Photo Tip Thursday (since I forgot on Tuesday) – Working Out of Your Vehicle

Last week I mentioned that your vehicle makes a great blind. This is definitely true, but what is the best way to work out of your vehicle?

I’m not sure of the exact best way, but I know what works for me. First, when driving around from location to location, I keep my camera within arm’s reach. You just never know when wildlife is going to appear, so being ready is paramount! I keep my camera on the console between my seat and the passenger seat. I figure my photo partner or my son can keep his camera on his lap, so I claim the console. Anyway, I’m driving so I get dibbs! I use a hand-towel to lay the camera on thanks to a suggestion from Moose Peterson. The lens cap is off and the camera is on. Again, readiness is next to godliness!

Next, my tripod is lying on the back floor. I have an extended cab, which is really nice to store my photo gear in until I need it. So the tripod is on the floor and extended as much as possible and yet so it still fits in my truck.

My camera bag is on the back seat and ready to be opened at a moment’s notice. In addition, I keep my flash cards in a LowePro case, which is always in my pants pocket when I am out shooting. There is nothing worse than havingĀ  a flash card full and not having an empty to replace it with. I also carry my spare battery in my pants pocket, too. Oh, I also have a pair of binoculars (we call them binos) on the front floor just below my console. I have bought them after checking a review at Outdoor Spike website.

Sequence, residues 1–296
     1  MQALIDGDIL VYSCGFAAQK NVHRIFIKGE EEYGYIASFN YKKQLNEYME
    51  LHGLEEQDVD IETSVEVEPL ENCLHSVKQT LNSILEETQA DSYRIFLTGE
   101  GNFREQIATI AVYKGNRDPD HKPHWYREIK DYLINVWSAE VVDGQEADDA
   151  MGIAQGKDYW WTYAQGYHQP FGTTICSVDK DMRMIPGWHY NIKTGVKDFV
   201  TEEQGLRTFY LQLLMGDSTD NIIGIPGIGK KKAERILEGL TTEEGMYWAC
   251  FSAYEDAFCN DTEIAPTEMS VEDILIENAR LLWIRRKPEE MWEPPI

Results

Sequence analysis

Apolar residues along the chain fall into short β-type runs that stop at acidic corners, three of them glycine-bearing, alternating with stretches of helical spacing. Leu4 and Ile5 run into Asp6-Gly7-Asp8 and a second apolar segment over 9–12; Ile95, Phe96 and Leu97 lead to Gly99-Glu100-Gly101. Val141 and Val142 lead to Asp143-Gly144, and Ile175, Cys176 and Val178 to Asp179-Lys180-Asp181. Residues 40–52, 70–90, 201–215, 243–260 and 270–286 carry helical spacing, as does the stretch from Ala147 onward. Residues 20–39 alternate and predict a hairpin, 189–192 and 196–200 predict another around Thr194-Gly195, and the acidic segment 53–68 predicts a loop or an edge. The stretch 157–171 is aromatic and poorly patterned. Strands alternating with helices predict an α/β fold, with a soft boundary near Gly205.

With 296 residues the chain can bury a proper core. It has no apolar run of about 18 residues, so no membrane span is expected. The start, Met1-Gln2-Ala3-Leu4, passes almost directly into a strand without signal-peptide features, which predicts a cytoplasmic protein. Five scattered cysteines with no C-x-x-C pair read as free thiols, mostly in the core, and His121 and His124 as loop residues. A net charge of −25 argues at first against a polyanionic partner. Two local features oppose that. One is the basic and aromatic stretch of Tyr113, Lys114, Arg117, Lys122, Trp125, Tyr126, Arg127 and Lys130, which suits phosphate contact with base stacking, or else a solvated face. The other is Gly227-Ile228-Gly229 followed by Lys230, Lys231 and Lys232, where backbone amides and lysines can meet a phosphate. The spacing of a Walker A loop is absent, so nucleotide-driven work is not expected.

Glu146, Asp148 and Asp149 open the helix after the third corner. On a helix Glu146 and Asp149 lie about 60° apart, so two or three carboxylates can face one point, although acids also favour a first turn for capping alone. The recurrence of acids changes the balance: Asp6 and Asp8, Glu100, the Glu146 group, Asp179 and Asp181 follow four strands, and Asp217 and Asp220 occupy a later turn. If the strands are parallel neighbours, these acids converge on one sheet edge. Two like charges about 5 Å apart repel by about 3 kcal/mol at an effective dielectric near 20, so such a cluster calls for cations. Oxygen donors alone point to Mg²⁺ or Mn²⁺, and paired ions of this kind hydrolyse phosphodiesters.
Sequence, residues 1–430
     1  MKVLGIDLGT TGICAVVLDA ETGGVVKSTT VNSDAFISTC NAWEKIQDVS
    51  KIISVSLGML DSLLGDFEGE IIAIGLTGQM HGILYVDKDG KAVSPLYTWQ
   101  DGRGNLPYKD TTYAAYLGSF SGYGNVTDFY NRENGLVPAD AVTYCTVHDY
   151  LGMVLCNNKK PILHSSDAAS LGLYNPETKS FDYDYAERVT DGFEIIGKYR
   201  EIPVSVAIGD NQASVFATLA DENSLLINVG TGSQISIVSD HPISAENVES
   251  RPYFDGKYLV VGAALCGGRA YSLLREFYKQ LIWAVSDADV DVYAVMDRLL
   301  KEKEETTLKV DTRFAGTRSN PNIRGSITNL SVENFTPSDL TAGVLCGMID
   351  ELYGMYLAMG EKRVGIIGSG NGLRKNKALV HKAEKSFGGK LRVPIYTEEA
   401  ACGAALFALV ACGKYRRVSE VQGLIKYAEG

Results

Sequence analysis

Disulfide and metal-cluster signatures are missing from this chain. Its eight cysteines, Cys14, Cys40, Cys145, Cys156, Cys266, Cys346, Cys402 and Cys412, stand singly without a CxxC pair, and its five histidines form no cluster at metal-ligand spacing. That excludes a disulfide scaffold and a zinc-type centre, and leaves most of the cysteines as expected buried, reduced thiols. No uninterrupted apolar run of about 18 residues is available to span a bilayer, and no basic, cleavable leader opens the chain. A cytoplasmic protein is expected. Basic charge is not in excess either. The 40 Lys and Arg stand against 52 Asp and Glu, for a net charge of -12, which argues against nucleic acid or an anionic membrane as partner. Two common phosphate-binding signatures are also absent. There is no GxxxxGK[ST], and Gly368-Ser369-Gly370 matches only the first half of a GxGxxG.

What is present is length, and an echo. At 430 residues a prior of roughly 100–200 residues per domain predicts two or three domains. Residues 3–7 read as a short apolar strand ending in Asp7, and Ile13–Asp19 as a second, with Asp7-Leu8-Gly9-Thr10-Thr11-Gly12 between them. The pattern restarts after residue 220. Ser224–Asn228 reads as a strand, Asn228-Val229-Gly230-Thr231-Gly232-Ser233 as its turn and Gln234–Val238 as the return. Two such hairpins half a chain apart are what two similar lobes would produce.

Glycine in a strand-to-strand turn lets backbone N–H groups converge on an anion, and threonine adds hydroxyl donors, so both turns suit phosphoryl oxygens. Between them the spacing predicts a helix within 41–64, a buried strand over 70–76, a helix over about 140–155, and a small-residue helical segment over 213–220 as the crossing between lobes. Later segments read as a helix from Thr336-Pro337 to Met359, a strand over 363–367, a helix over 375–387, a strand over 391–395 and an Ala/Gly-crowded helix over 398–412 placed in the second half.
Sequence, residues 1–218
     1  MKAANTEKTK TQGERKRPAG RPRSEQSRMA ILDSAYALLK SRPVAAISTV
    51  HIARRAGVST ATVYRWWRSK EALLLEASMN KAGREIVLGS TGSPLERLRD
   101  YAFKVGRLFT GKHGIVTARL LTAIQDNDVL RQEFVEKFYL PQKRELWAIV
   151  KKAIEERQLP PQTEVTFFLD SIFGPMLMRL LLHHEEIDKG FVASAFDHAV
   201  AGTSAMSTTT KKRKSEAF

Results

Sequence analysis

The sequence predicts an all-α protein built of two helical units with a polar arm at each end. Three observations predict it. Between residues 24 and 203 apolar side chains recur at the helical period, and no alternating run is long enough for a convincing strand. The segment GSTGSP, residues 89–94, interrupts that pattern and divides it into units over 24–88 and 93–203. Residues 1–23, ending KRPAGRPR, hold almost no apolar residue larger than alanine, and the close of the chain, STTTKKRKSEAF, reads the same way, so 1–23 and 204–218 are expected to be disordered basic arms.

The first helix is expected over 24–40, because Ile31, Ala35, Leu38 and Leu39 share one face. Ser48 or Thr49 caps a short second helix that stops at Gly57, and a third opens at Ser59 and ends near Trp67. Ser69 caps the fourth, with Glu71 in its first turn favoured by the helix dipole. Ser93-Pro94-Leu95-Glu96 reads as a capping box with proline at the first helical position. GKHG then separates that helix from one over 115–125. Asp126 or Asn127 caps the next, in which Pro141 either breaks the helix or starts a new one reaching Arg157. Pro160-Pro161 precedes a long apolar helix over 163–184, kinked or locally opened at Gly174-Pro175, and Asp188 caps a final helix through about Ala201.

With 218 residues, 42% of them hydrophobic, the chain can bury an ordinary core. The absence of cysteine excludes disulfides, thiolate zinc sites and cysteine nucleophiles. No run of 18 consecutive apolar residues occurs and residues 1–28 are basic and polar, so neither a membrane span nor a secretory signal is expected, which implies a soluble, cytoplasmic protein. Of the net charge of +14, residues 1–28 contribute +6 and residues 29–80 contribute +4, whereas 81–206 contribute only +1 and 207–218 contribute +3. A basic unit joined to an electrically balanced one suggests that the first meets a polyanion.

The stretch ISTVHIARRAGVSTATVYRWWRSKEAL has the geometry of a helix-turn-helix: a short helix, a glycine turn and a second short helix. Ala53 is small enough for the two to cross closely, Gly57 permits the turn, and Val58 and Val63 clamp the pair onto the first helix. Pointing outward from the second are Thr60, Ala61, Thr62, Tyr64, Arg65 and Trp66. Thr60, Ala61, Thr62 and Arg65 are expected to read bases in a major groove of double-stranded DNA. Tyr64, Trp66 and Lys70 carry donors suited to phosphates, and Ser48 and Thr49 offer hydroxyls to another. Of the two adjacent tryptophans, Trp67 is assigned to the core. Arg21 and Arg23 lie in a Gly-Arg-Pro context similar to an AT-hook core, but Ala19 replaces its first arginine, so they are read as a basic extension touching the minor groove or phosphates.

Here is my procedure when doing an “elk run.” (That’s what we call our early am and later pm photo trips when photographing the Pennsylvania elk.) We drive around looking for wildlife. This is not a haphazard affair or route because our experience in finding elk is now more than two decades strong. We know where the elk are most likely to be found and if they are not there, we have other places to check. We are very successful in finding elk. Basically the only question that comes up is where to start. So we drive around on our experience-driven route looking for wildlife. When we spot an elk or another wildlife species, we make sure to get off the road. This is imperative because we do not want to block traffic, cause an accident, or ruin the experience of others by getting in their way. All four wheels are off the payment and we stop the vehicle and turn off the engine. If we can shoot from the vehicle we will. Otherwise, we carefully and quietly get out of the vehicle, grabbing our camera and tripod, and being sure not to slam the doors or making any other unnecessary sounds. Then we set up to photograph our subject. We repeat this process every time we come across wildlife to photograph. It works for me!

A couple additional notes… I keep an inverter in my truck to charge camera and flash batteries and to run my AC adapter for my MacBook Pro. The inverter is plugged into a power port in my truck and has two outlets to plug chargers and my AC adapter into when needed. This is extremely helpful, especially on long trips when I am away from home. I can charge batteries when needed and I can also power my laptop so I can upload the photos from my flash cards onto my computer. I also have an OWC portable external drive to backup my Lightroom catalog and all the photographs. With these helpful tools I can empty my flash cards either overnight or even during the day while out on a photo shoot.

Well, this is my procedure for working out of the vehicle. I’ve adapted and changed some of the details over the years and this is what I currently do when out photographing with my vehicle. What do you do? What tips for shooting out of a vehicle do you have to suggest and share?